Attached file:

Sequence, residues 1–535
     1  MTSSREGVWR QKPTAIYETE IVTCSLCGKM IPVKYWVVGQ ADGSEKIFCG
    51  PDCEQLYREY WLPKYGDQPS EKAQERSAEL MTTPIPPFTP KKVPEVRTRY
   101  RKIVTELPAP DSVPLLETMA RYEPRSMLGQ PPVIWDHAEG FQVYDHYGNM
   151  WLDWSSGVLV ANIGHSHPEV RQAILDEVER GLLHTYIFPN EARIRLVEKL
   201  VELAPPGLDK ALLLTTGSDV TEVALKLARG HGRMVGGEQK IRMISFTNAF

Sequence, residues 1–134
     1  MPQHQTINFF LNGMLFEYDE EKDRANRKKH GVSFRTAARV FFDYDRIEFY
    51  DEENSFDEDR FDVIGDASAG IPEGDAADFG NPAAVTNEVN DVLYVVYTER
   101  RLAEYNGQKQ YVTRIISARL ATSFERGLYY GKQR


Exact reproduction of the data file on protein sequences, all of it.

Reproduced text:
Sequence, residues 1–535
     1  MTSSREGVWR QKPTAIYETE IVTCSLCGKM IPVKYWVVGQ ADGSEKIFCG
    51  PDCEQLYREY WLPKYGDQPS EKAQERSAEL MTTPIPPFTP KKVPEVRTRY
   101  RKIVTELPAP DSVPLLETMA RYEPRSMLGQ PPVIWDHAEG FQVYDHYGNM
   151  WLDWSSGVLV ANIGHSHPEV RQAILDEVER GLLHTYIFPN EARIRLVEKL
   201  VELAPPGLDK ALLLTTGSDV TEVALKLARG HGRMVGGEQK IRMISFTNAF

Sequence, residues 1–134
     1  MPQHQTINFF LNGMLFEYDE EKDRANRKKH GVSFRTAARV FFDYDRIEFY
    51  DEENSFDEDR FDVIGDASAG IPEGDAADFG NPAAVTNEVN DVLYVVYTER
   101  RLAEYNGQKQ YVTRIISARL ATSFERGLYY GKQR